7. Insoles that fit with LaSportiva Nepals?

    I'll second the Green Superfeet. I use the Nepal's tongue liner with thinner socks, and then take the liner out when I want to throw on thicker socks.
  8. New MH Packs

    Also, the gear loops have MW's metal sliders - which can double to open beer bottles...
  9. New MH Packs

    I just picked up the South Col, and have been on a few hikes with it while rehabbing from foot surgery. I was skeptical of the hip belt, but 9 miles in a shell jacket with 40 pounds wasn't too bad. I'd imagine with a thicker jacket or additional layer, you'd be fine hauling more. The pack is not water-proof, but it is water-resistant. The 9 miles was spent in a constant light rain, and I found that the sides and bottom of the pack had some wetness inside (the Cordura parts). Compression is really nice, and the option to hide the middle straps behind the white panel gives it a clean profile.
  10. Rack Simulator

    The option for 'hauling up a 6 pack' is missing from the simulator - guess you have to calculate that weight yourself...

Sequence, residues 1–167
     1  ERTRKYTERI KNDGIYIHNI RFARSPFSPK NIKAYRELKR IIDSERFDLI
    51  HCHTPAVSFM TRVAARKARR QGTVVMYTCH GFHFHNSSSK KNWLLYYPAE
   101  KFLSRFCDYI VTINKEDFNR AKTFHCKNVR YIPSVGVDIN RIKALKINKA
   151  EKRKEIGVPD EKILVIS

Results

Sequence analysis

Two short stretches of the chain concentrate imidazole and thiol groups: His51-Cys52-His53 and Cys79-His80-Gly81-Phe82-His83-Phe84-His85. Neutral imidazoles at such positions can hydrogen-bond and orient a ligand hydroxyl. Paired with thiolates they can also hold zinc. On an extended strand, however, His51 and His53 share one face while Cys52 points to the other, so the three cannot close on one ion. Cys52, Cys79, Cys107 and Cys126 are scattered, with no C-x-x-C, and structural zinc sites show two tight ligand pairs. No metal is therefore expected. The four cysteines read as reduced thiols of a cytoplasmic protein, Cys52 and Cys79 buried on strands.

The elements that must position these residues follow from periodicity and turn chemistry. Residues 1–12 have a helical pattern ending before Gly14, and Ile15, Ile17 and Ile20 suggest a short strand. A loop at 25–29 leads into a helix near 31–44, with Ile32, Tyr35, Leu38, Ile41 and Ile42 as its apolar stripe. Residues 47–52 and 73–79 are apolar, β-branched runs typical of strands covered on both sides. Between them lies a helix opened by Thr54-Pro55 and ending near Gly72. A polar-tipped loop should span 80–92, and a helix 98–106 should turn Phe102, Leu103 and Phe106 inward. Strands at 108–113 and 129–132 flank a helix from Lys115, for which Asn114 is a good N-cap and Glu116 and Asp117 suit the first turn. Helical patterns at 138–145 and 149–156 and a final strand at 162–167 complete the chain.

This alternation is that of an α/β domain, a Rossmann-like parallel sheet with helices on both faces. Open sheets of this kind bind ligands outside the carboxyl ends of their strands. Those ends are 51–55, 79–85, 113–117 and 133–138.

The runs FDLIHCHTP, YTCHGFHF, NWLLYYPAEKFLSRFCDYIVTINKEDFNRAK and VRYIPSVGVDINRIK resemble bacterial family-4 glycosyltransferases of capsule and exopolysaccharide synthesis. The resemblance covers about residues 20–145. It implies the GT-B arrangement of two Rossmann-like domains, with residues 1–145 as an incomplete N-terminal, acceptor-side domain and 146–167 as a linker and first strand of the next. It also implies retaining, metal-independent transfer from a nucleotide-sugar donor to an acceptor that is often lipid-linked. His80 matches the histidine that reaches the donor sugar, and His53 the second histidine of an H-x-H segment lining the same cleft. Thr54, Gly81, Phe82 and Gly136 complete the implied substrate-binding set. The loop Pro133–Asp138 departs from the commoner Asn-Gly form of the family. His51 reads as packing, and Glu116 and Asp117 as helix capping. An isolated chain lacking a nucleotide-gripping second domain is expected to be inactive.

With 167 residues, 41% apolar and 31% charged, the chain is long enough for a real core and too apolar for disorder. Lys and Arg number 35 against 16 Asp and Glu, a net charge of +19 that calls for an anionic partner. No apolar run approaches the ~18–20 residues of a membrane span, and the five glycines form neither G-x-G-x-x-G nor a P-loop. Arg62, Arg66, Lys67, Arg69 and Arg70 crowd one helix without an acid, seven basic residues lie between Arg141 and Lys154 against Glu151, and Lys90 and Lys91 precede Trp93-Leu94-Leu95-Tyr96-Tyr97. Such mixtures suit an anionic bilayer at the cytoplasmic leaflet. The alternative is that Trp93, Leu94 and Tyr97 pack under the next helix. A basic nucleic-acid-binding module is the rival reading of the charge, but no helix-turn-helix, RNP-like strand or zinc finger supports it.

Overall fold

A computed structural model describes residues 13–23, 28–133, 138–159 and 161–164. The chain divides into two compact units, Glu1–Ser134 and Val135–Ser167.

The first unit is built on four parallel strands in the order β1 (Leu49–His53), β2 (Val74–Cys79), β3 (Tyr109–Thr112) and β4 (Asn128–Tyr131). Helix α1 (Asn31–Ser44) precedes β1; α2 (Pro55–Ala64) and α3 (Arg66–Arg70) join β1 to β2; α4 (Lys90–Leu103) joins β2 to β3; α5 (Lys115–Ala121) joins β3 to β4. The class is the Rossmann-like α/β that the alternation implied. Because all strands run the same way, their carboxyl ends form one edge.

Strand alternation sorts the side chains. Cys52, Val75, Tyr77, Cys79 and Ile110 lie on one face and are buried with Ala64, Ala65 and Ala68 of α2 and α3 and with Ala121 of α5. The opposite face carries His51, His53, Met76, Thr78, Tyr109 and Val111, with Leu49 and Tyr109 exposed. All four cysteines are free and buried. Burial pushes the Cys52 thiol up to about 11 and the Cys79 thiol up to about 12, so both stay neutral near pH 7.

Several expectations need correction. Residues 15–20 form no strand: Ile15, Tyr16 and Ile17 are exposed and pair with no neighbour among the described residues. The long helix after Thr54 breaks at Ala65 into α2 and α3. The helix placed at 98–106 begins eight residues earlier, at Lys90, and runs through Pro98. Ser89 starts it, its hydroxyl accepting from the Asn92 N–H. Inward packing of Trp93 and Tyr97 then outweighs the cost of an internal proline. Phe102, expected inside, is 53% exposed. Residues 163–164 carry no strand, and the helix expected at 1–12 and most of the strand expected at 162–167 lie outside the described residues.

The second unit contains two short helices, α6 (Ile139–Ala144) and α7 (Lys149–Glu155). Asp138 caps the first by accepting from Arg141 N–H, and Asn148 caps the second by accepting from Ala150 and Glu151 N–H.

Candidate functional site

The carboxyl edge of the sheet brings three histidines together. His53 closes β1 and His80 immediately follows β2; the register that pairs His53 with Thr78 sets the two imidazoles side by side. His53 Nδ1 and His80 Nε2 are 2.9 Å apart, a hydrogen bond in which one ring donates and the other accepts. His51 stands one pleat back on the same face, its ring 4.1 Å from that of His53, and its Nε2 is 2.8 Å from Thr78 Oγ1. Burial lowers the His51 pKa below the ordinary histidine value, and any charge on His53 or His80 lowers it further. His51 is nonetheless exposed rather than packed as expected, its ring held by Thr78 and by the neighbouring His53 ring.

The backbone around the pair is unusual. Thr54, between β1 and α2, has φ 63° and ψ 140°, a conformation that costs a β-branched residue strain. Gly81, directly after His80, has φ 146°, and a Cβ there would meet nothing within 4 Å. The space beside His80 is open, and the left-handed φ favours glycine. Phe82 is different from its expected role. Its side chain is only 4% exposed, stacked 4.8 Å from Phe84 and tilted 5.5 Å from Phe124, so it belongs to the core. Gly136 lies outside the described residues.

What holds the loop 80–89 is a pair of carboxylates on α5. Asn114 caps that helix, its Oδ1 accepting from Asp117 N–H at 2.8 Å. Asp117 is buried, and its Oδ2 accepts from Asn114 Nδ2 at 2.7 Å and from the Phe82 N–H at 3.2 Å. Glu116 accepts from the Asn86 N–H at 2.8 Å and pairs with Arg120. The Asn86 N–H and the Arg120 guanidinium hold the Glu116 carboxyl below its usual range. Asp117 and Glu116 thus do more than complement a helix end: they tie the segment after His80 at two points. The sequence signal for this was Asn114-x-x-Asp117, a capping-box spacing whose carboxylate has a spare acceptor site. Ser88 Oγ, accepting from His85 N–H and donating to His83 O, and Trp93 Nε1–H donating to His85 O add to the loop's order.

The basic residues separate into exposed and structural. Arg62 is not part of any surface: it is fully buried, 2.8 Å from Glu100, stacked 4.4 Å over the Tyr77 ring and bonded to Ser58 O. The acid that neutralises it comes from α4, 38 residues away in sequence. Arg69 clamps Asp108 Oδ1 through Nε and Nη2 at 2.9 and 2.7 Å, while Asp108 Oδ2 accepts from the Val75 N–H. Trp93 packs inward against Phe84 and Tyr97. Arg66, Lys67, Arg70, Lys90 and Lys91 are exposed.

11. Rack Simulator

    For the climber's inner nerd. Spadout has an updated rack simulator that allows you to "build" your rack with active/passive pro and biners. After you enter in what gear you have, it'll show you the ranges of your pro and how many pieces cover that range, as well as weight of your total rack - as well as the money you've dropped on your rack (using msrp prices). It's great for deciding what ranges you're missing when shopping for new gear, or where the bulk of your rack is.
  12. I want a Tauntaun suit

    Dammit, it's too bad this never went into production I really want one of these suits.
  13. How many days so far?

    4: 3 at the resort and a final 'hurrah' down St Helen's before (planned) surgery to repair some torn tendons. The surgeon thought I was kidding when I asked about snowboarding in the aircast boot. I told him that the boot and bindings combo would limit how much movment I'd have with the toes and the cold air/snow would help keep the swelling down. He didn't share my enthusiasm for getting outside.
  14. looking for people to climb rainer

    Tony, love your enthusiasm and wanting to push your own limits. I'm all for that - hell, I love that shit. It's when you're pushing mother nature's limits that it can get dicey.
  15. must see avalanche education video

    They showed this at the Telluride Mountainfilm Festival in Portland last night, so good to know it's getting exposure.